By Peter Maguire
By Charles Lam
By Charles Lam
By Andrew Galvin
By R. Scott Moxley
By Gustavo Arellano
By R. Scott Moxley
By R. Scott Moxley
The ethnic makeup of the county's new grand jury isn't great—11 of the panel's 19 members are still white—but it's better than it has been, and for that reason alone, it has been called the most representative grand jury in Orange County's history.
None of that diversity appears in the grand jury's latest work. The mid-February report's title suggests the propaganda uses of the new and unproved jury: "A Silver Lining: Orange County Today."
Ostensibly an examination of how the appointed and immensely powerful county executive officer has changed local government in the aftermath of the 1994 county bankruptcy, the report only praises the Orange County Board of Supervisors for adopting an all-powerful CEO and for "using sound business methods."
The result is five pages of jovial, ahistorical cheering for the corporate bosses who shed democratic accountability in the "dark days" following the bankruptcy.
"[E]xecutives from the Orange County business community . . . volunteered their time and expertise to negotiate with the financial markets to stabilize finances and debt obligations," says the grand jury in the report's first paragraph. "Residents of the county should extend their respect and gratitude to these selfless, responsible volunteers, for the task was formidable."
What residents really ought to extend is their boot to the ass of the grand jurors.
The true history of the bankruptcy begins in early 1995 with "volunteers" who were anything but "selfless." Shell-shocked by angry public reaction to their $1.7 billion bankruptcy, county supervisors quietly handed the reins of local government to an elite, highly secretive assembly of Newport Beach businessmen. The names of the businessmen have emerged: Gary Hunt, the Irvine Co.'s then chief lobbyist; Tom Sutton, chairman of Pacific Life Insurance Co.; George Argyros, the real-estate developer keen on the county building an airport at El Toro; and William Popejoy, a former executive of a disgraced 1980s Irvine savings and loan.
For months, the cabal ran the county's $4 billion operation from behind the closed doors of Hunt's swank Fashion Island offices. They didn't bother to seek public input or to keep records of their debates or actions. That is, of course, undemocratic but understandable. After all, each of the men's businesses had a huge financial stake in the outcome of local government decisions. Profits at Hunt's Irvine Co., for example, rely on tens of millions of dollars in annual county taxpayer subsidies. The bankruptcy specifically jeopardized the infusion of public cash into the development of the Irvine Co.'s crown jewel: Newport Coast.
Other elements of the businessmen's agenda are also known: they demanded a massive local sales-tax increase (voters crushed that unpopular move); they placed valuable public property on the auction block (surely by coincidence, the properties mirrored what the business elite had been eyeing for years); they axed county medical services for the poor while permitting the sheriff to go on a shopping spree for new and unnecessary but fun high-tech toys (the Sheriff's Department routinely gives the businessmen official badges and concealed-weapons permits.)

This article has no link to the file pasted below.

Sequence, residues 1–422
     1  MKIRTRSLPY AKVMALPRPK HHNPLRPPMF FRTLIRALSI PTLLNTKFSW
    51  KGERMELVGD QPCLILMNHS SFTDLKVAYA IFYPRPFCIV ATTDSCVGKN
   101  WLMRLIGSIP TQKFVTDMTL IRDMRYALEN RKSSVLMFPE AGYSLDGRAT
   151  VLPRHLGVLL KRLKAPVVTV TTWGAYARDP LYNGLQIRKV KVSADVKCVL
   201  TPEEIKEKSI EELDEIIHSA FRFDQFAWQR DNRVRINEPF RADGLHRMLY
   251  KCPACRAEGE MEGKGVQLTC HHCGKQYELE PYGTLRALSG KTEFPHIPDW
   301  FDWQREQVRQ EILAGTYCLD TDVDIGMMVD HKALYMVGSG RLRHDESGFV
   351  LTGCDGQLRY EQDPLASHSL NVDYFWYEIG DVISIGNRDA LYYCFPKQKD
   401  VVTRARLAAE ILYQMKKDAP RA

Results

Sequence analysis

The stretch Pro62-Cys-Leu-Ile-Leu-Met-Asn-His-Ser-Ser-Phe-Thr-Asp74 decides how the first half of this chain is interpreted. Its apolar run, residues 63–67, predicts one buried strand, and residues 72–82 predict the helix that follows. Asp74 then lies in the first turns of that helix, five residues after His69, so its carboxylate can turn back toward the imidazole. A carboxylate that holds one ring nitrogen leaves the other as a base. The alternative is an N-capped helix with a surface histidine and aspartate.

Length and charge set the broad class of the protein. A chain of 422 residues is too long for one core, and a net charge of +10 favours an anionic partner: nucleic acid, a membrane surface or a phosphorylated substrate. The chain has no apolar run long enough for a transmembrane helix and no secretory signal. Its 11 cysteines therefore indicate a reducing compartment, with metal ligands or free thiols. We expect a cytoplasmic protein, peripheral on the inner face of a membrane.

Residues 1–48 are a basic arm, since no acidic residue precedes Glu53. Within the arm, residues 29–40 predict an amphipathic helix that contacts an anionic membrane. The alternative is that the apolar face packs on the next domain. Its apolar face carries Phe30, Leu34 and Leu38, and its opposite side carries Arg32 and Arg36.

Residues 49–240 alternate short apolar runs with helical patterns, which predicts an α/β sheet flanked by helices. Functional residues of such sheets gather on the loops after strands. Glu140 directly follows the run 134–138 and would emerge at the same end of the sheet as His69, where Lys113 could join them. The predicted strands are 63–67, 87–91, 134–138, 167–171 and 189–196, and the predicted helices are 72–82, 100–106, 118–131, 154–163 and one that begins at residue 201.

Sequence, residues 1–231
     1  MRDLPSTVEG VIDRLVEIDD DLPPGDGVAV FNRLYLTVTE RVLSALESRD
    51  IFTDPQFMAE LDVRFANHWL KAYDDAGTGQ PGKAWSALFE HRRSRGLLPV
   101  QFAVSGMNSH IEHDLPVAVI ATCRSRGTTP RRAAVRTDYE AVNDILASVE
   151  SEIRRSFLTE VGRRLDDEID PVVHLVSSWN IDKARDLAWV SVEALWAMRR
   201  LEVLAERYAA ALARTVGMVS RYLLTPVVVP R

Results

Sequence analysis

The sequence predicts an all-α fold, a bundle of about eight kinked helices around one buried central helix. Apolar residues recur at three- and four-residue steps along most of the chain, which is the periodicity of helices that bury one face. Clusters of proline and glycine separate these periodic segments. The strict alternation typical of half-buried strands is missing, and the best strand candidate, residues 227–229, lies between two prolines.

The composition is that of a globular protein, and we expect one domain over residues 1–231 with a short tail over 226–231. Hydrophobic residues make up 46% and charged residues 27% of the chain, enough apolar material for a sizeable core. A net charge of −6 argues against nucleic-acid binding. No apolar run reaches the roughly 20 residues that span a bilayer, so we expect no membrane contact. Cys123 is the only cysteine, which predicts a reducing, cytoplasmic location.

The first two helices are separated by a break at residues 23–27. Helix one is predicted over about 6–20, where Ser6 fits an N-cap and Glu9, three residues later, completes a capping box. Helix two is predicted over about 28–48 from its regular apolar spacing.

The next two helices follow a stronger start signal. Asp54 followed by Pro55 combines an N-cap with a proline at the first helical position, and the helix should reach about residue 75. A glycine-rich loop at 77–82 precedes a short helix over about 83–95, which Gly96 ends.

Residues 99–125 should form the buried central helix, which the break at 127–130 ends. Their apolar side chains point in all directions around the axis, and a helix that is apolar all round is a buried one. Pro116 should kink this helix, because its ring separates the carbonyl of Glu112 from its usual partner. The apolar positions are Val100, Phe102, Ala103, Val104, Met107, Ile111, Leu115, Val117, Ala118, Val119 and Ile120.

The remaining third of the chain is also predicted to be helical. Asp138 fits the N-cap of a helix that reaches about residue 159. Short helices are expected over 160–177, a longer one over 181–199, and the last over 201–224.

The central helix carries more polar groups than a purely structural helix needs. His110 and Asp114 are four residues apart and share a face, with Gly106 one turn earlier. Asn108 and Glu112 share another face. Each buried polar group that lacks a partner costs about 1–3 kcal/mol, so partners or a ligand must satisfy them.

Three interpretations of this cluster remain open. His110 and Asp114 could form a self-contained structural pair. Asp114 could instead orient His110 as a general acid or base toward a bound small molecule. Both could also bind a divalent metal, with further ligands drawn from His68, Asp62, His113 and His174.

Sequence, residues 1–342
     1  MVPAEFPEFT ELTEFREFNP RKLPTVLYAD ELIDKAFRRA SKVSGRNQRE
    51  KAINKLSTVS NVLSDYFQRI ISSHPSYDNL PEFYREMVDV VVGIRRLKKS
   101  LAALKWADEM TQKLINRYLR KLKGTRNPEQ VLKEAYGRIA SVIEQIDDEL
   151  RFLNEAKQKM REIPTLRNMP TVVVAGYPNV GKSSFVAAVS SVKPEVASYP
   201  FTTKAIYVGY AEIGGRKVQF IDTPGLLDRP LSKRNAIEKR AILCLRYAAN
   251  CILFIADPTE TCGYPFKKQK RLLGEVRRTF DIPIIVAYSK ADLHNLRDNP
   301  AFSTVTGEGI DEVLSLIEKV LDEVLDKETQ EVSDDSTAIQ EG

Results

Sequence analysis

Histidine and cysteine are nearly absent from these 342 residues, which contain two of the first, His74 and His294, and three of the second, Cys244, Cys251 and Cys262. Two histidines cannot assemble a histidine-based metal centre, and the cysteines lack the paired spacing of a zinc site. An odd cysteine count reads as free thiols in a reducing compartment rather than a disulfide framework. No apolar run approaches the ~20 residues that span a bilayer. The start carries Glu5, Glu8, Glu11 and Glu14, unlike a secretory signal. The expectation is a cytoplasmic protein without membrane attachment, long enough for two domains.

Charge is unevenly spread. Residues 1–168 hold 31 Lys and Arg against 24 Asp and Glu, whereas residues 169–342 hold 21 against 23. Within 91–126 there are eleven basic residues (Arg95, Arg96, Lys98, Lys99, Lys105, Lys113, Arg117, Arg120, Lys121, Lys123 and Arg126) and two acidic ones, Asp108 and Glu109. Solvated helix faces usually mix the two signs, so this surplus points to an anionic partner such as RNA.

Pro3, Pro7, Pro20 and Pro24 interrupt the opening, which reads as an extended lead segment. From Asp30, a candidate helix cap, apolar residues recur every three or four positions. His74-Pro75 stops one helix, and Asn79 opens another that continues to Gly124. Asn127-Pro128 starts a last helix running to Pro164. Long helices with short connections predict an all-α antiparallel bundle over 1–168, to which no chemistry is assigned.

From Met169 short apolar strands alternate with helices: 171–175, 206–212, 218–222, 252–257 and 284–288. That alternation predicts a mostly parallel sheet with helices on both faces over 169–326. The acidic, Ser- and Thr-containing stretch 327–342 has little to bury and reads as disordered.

Significantly, the group also devised a new form of government for the county. Under this system, one person, a CEO, would operate the government with an iron fist and would have more power in some cases than three-fifths of the elected board of supervisors. The CEO would, of course, be appointed by the cabal.
The CEO position would make it easier for the businessmen to control government and its funds; instead of five egotistical politicians, the business community could own outright just one unelected bureaucrat.
The first CEO came from the cabal itself: Popejoy, who made no pretense of answering to the elected representatives. (He also refused to fill out mandatory disclosure forms detailing his personal financial interests in the government decisions he was making.) Popejoy didn't last long and was followed by the second cabal selection: Jan Mittermeier, whose dictatorial reign ended last year when she walked away with a generous taxpayer-funded severance package. (Mittermeier's ugly history was covered extensively in the Weekly's "Silent Coup," Dec. 19, 1997.)
That the grand jury whitewashed this history is hardly surprising. The Orange County grand jury has always been a rubber stamp for the local establishment. Its members—almost always white, elderly and conservative—are hand-picked by white, elderly conservative judges, whose careers and campaigns are underwritten by members of the cabal and their associates.
The criteria jurors used to measure the success of government after bankruptcy recovery was—there's no polite way to put this—stupid: Does the county continue "to operate"? And does it provide essential services to citizens? Does the "preparation and submitting" of a business plan help bureaucrats "plan your program and activities for the coming year"?
Such frivolous questions were the product of a highly flammable mix of ignorance and optimism—and led to the report's preposterous conclusion: "The success of the CEO by William Popejoy, Jan Mitter.meier and now Michael Schumacher is a testament to the merit of the office."
Here's a different conclusion: The $25 per day county residents pay each juror is far too generous.